Note: Don't miss the inspiring 3-minute video of this very capable man.
It is often said that money doesn’t bring happiness, but researchers may have found the two things that do – sex and sleep. The Living Well Index, developed by researchers Oxford Economics, found that spending time in the bedroom is a lot more significant than quadrupling your income. A poll carried out by the National Centre for Social Research found that the most rested people score 15 points higher on the index than those who struggled with their sleep. People who are deeply dissatisfied with their sex lives score seven points lower on average than those who say they were very satisfied. By the same metric, increasing household income from Ł12,500 to Ł50,000 results in an increase of just two points. The report ... said: “For the typical Brit, improving their sleep to the level of someone at the top of the index would be equivalent to them having over four times as much disposable income,” adding that sleep was the “strongest indicator of a broader sense of well-being”. Other factors include living in a strong community, job security and the health of close relatives. The analysis also found ... a strong association between happiness and having a young child at home. “Baby boomers” who were still in work were the second-happiest group because of good job security and a high standard of living. The survey of 8,250 adults also found that older people are objectively happier than younger ones – even when other factors, such as wealth and lifestyle, are controlled.
The Compassion Games is an annual international competition or ‘coopetition’ as they like to call it, which ran from 9-21 September where teams and individuals around the world compete to be the most compassionate. The games have grown to include teams of all kinds from all over the world including schools, families, community groups and even prisons (last year a prison in California entered and had its first ever 11-day period without a single act of violence). For individuals, like myself, there is the ‘secret agent of compassion’ option which is a series of 11 missions emailed to you daily over the course of the games. The missions include doing random acts of kindness, caring for the environment or the local neighbourhood, supporting charitable organisations and even just fully appreciating an everyday activity like brushing your teeth. My own 11 days of compassion involved ... making a tangible act of appreciation for the environment (I planted some seeds in our communal garden) and engaging in an activity that made someone smile (I joined in with my girlfriend’s fitness workout – boy did that one work!). How did I get into all this? A newsletter in my inbox. Karen Armstrong, the former nun turned religious writer ... had won the TED Prize. Granted one wish by TED to change the world, she had chosen to set up a Charter for Compassion to implement the Golden Rule ... across the globe. I hit ‘subscribe’ to the newsletters and one day received an email about the Compassion Games.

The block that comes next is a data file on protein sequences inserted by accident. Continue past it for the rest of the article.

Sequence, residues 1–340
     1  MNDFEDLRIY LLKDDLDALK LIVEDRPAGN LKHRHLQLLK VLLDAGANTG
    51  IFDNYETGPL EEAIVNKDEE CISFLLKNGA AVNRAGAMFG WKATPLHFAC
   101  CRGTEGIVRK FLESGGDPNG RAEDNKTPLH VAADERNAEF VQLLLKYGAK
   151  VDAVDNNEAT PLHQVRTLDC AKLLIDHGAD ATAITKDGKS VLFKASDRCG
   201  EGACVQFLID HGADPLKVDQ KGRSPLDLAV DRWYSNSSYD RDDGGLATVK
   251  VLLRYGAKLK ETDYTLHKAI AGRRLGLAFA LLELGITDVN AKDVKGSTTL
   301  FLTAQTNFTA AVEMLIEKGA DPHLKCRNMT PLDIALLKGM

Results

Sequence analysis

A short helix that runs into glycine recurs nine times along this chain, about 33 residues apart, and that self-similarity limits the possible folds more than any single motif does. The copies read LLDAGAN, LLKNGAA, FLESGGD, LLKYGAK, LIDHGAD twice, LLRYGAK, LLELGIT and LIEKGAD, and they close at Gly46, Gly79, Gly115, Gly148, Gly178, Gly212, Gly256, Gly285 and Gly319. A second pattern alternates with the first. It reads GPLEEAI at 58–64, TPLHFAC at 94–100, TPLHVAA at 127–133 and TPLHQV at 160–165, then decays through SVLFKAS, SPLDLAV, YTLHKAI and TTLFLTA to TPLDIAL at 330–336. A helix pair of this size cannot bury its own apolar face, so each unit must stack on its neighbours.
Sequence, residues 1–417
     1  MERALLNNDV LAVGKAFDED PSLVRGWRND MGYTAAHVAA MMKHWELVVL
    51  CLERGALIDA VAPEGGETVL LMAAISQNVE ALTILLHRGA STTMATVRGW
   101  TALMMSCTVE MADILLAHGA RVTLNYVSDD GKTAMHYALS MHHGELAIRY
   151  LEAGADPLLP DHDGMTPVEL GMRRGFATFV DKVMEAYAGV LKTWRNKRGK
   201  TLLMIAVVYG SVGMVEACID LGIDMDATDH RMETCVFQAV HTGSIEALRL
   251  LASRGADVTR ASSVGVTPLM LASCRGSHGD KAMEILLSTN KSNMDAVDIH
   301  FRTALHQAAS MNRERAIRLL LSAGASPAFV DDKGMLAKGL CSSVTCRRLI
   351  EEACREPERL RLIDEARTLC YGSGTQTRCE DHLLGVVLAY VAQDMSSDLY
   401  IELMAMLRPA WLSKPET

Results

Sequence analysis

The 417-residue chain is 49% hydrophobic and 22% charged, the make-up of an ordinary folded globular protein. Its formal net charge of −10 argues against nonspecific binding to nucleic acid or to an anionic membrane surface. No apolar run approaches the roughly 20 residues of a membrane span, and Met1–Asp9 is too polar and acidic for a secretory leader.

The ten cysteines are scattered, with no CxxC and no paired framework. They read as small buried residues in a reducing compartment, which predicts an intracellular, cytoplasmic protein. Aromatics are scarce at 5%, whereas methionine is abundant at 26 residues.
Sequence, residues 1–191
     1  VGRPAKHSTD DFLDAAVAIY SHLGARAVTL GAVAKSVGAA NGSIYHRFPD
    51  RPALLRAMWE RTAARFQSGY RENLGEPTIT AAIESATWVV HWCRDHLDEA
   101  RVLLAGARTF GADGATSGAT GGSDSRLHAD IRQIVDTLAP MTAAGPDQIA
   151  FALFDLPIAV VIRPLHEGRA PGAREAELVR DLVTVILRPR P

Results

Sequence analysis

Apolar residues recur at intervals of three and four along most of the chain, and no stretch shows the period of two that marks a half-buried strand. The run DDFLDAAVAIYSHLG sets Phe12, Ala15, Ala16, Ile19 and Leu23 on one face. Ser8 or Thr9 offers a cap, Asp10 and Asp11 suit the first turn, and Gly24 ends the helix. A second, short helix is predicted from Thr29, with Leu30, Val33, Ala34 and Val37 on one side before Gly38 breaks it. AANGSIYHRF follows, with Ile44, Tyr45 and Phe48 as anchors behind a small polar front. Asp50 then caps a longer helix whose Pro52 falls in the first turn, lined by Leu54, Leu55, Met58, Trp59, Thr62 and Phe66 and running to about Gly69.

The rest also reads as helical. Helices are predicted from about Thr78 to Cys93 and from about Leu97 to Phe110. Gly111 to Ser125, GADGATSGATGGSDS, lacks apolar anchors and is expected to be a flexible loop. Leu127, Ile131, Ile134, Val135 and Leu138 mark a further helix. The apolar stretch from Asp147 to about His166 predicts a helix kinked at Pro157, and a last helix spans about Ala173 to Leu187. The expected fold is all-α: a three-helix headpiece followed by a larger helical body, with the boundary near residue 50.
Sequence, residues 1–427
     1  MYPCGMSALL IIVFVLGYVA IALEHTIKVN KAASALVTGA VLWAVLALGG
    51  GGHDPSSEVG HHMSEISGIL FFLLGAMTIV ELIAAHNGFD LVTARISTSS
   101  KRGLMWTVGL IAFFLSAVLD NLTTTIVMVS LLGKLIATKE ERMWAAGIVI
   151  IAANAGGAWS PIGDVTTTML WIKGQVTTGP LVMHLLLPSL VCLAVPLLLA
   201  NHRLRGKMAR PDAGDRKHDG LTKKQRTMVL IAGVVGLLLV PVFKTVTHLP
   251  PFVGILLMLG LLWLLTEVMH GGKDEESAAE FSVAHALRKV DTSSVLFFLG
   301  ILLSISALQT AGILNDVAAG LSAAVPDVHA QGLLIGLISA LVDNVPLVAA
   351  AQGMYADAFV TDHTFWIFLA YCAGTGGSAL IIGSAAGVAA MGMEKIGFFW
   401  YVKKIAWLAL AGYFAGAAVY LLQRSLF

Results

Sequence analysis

What do you do when you run out of good ideas? One increasingly popular solution is mindfulness meditation. Google, Goldman Sachs, and Medtronic are among the many leading firms that have introduced meditation and other mindfulness practices to their employees. Meditation is not only useful as a stress-reduction tool but can also enhance creativity, opening doors where once there seemed to be only a wall. To further verify that creativity is among the early benefits of mindfulness meditation ... we set up an experiment. One hundred twenty-nine participants (all of them students) were divided into three groups and assigned a creative task: Generate as many business ideas as possible for using drones. Before the individual brainstorming began, one group participated in a 10-minute audio-guided mindfulness meditation, and a second group participated in a 10-minute fake meditation exercise (they were instructed to think freely by letting their minds wander). A third group started to brainstorm immediately. Each of the three groups generated roughly the same number of ideas. The main difference was that meditators ... demonstrated a 22% wider range of ideas than the two non-meditating groups. We also found that a short meditation, similar to physical exercise, often put people in a more positive and relaxed frame of mind. In the group that had meditated, most people felt less negative. In particular, meditation decreased participants’ feeling of restlessness (by 23%), nervousness (by 17%), and irritation (by 24%).